The job of looking after safety in the skies remains a highly sexualised occupation.
Just because an airport looks impressive doesn’t mean it functions well.
AP Photo/Emrah Gurel
Big lines and long distances to walk have plagued airports since the dawn of the jet age. New designs and technologies haven't helped much, even if they're visually impressive.
Amelia Earhart’s Lockheed Model 10-E Electra, with advanced navigation equipment mounted above the cockpit.
Eight decades after missing aviator Amelia Earhart was declared dead, technologies still don't quite track every airplane all over the globe.
Lion Air passenger jet JT-610 that crashed into the sea en-route to Pankal Pinang, Sumatra on Monday, killing all 189 people on board.
The flight data may only shed light on what happened. Investigators must systematically investigate other evidence to find out why JT-610 crashed.
Aviation safety has much to gain from neuroscience: studying how our brains become “deaf” to alarms allows us to adapt the pilot's flight instruments.
Would you be – or feel – safer if one of these people were a robot?
Airplanes could be safer with technology at the helm. A key sticking point is human opinion.
When is it too hot to fly?
Major airports around the world will see more frequent flight restrictions in the coming decades because of increasingly common hot temperatures.
Captain, we’re being pummeled by cosmic rays!
muratart via Shutterstock.com
The true radiation risk from commercial flying has nothing to do with security scans. A radiation expert explains how much cancer risk the most frequent of flyers take on when they take to the skies.
An illustrated look inside.
The U.S. is considering expanding a ban it imposed in March on several Middle Eastern countries to all flights from Europe. A close look suggests the meager benefits just aren't worth the high costs.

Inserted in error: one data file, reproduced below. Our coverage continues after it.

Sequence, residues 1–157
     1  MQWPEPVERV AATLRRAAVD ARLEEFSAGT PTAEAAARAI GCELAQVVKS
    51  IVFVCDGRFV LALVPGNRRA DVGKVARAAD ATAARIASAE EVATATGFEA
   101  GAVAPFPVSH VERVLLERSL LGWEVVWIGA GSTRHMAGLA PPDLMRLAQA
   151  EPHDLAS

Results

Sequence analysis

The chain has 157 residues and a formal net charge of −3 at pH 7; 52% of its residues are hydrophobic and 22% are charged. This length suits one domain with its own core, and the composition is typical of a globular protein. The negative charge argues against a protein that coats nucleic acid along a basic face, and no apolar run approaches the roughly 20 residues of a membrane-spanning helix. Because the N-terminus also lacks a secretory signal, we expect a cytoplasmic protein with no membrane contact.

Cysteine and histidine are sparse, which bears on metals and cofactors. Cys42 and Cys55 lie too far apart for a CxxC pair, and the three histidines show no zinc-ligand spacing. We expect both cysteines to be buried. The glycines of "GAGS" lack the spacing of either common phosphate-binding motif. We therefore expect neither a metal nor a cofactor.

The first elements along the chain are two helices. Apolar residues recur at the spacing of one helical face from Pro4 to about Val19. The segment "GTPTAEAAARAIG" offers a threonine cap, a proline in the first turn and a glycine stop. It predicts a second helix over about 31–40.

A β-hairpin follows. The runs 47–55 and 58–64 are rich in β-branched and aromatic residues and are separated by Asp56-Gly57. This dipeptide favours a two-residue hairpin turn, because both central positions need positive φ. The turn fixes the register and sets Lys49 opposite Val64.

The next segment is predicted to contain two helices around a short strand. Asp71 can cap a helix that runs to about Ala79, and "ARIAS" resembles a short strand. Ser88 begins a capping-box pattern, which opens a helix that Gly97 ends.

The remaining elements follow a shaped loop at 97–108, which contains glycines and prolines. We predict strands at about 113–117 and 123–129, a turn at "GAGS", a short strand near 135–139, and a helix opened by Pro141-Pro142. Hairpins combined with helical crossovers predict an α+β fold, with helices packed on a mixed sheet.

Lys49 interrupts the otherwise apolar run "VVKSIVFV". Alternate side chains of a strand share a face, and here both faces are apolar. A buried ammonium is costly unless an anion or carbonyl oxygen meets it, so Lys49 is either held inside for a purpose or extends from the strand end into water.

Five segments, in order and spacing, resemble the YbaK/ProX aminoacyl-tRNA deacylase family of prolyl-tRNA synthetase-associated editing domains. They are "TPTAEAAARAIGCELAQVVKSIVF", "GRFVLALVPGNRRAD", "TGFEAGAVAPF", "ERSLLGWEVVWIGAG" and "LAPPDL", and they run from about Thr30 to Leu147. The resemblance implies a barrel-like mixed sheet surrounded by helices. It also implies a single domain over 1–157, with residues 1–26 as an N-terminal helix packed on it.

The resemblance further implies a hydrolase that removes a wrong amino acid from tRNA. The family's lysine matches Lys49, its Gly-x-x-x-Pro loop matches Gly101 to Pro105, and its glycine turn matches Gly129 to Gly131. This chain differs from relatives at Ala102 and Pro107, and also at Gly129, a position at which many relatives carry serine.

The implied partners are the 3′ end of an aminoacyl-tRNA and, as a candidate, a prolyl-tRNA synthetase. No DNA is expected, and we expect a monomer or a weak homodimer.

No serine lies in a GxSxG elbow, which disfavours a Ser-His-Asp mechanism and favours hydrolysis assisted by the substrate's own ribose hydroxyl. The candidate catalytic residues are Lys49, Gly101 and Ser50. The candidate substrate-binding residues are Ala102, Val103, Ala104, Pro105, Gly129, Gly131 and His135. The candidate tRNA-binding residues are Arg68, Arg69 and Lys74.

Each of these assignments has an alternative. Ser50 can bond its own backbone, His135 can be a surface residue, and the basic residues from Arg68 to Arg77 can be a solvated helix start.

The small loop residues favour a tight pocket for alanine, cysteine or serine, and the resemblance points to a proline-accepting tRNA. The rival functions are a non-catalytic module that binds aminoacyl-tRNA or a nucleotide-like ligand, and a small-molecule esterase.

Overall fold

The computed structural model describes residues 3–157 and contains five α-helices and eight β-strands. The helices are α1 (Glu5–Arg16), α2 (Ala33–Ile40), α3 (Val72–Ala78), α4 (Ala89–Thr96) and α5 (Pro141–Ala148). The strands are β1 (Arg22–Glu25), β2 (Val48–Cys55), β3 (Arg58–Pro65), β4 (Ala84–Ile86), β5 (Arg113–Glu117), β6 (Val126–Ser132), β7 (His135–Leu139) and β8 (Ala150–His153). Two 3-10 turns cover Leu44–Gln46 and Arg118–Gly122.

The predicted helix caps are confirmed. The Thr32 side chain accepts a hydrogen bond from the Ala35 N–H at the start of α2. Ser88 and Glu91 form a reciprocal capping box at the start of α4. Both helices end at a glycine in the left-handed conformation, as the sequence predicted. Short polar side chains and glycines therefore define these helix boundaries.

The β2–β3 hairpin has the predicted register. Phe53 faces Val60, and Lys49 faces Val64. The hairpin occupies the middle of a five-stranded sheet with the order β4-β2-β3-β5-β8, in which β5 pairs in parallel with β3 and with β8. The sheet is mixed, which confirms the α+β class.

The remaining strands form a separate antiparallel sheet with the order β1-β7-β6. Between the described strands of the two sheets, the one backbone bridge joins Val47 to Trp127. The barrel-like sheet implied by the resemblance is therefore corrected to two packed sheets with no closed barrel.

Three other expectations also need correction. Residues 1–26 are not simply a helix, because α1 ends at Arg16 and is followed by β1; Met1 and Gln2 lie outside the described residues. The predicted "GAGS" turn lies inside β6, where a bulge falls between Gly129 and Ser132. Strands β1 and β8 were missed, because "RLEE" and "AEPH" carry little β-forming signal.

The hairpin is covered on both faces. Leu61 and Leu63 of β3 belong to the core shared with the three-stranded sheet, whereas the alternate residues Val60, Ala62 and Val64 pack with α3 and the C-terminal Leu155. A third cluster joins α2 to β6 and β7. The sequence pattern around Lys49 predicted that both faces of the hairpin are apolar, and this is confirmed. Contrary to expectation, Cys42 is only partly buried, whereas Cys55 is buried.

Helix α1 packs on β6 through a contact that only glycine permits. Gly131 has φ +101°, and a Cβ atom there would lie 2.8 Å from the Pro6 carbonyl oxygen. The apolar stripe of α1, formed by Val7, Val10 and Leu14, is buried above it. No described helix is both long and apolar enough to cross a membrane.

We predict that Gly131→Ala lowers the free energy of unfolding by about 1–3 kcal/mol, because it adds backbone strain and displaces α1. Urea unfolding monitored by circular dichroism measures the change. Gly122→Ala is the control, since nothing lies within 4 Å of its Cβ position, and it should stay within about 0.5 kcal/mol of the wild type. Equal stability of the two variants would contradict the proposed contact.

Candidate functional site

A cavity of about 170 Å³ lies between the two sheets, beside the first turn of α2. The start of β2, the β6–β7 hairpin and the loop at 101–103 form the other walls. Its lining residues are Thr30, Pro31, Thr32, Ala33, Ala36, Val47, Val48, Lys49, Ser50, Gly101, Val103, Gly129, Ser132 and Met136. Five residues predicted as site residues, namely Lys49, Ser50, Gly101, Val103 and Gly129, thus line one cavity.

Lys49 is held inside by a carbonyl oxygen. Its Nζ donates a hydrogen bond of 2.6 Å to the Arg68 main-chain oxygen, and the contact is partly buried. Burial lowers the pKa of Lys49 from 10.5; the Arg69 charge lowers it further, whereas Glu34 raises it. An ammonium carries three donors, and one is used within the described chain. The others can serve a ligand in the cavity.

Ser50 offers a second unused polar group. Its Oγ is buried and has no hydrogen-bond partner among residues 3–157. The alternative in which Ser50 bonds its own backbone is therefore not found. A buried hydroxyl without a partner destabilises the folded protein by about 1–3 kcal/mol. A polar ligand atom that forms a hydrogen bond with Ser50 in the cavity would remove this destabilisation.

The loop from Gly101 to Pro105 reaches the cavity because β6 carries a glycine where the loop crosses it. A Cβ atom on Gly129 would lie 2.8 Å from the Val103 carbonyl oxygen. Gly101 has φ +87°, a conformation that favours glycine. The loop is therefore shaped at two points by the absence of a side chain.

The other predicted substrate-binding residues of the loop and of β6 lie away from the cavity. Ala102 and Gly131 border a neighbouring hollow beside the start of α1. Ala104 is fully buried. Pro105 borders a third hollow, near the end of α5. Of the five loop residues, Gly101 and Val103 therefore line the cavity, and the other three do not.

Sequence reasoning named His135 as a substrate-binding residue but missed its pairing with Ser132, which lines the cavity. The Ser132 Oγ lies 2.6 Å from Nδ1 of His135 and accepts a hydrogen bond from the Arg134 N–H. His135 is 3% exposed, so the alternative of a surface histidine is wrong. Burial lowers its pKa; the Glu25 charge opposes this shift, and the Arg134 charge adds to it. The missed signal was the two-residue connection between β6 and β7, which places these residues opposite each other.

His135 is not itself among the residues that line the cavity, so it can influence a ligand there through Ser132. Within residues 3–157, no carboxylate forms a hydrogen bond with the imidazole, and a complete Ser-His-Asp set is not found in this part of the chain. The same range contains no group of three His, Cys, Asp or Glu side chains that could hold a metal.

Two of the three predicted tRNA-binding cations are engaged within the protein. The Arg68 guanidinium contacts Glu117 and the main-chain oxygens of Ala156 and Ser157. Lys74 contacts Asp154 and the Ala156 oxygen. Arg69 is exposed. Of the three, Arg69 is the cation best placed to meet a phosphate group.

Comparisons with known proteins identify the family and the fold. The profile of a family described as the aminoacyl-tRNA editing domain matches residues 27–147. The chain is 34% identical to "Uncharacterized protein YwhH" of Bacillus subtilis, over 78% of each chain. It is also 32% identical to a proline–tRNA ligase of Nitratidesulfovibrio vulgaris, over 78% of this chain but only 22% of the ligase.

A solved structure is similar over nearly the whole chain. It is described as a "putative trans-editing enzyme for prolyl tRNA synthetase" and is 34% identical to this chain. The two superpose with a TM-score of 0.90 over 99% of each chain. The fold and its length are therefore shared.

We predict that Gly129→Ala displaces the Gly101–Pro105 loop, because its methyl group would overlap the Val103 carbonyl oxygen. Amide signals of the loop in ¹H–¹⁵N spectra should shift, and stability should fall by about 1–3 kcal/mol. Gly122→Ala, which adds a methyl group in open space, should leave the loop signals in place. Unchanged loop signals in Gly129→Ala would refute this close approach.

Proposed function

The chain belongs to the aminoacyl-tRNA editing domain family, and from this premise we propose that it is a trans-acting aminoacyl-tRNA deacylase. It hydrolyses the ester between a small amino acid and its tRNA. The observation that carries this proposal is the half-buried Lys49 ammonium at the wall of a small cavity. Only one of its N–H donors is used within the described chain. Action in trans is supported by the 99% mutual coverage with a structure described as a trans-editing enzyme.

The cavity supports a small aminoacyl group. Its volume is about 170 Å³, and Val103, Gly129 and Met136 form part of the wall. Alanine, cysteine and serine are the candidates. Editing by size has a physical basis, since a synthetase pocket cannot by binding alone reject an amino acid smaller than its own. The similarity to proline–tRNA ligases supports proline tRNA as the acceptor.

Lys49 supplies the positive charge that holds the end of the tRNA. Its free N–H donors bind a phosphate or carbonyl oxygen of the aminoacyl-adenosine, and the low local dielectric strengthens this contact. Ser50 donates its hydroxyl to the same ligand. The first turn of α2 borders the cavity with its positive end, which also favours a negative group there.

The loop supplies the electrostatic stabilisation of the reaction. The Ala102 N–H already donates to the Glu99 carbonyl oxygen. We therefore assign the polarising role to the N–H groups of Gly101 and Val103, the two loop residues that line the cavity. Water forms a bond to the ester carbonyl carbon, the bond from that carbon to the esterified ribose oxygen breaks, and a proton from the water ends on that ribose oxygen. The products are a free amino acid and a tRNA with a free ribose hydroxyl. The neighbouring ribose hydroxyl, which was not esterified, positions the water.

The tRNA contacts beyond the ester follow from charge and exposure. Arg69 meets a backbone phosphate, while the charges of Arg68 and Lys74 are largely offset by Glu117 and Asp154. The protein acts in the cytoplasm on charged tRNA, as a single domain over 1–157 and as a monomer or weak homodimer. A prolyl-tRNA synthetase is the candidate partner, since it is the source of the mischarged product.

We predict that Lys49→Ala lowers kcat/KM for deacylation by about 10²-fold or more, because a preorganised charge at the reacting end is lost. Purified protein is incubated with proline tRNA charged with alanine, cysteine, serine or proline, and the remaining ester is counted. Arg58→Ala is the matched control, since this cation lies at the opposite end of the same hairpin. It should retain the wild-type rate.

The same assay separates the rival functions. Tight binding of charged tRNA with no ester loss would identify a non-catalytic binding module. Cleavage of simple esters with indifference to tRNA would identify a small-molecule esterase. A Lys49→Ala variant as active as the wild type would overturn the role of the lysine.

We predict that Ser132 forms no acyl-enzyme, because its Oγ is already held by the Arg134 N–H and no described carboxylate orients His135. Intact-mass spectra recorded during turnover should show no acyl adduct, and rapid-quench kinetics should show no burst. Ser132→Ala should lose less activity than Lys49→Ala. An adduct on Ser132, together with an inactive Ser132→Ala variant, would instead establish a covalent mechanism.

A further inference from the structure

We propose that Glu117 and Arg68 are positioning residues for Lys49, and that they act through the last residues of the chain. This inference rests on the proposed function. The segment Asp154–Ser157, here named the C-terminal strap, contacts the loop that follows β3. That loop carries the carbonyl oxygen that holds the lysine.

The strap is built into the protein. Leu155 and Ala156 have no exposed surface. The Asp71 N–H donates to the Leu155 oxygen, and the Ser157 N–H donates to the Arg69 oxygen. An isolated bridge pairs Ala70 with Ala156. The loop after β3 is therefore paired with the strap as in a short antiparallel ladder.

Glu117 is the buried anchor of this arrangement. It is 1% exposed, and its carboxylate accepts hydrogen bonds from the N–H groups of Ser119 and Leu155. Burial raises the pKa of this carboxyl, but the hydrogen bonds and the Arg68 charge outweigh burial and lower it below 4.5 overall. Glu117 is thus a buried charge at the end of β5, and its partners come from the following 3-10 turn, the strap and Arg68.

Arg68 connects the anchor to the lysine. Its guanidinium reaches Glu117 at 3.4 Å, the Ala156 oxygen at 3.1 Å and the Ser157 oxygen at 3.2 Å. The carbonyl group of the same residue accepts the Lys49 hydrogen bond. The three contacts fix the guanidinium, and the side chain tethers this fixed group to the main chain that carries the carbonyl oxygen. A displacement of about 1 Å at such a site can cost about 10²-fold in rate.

Government regulations require airlines to say and do certain things before any flight.
Adnan Abidi/AP Photo
United Airlines' recent stumbles suggest its culture is too 'tight' and constrained by rules, leaving employees little room to make judgement calls.
Nearly 60% of pilots say they know of colleagues who are tired at work.
An EgyptAir plane disappeared from radar en route to Egypt from Paris.
Only six percent of airline accidents in 2015 included fatalities. A security expert argues that a more accurate risk assessment of airline travel would take into account close calls.
Air accident investigations are meticulous, thorough, and are the reason air travel is as safe as it is.
Being a pilot may be an exciting career choice but working conditions aren't always what they're cracked up to be.
Hackers in seat 61? Not what passengers want to see in-flight.
If passengers are to be offered in-flight Wi-Fi, then airlines should add another black box to record what's happening on their networks.
Not as easy as flicking on autopilot.
Doug via Flickr
Cost cutting by commercial airlines has led to a worrying rise in inexperienced pilots.
Understanding the psychology of tragedies need not involve knee-jerk prejudice.
Two hands on the wheel is twice as safe.
keys by dextroza/www.shutterstock.com
It takes two people to launch a nuclear missile - it's time the same level of safety returned to the cockpit.
Two up front for safety?
The aims of safety and security are not always on the same team, sometimes with disastrous results.
Another tube filled with explosive fuel, potential ignition sources and people transported safely.
If you’ve been following the news it might seem like there’s been a lot of air crashes recently. It might seem that flying has become a risky business. In a society with a free press and a great number…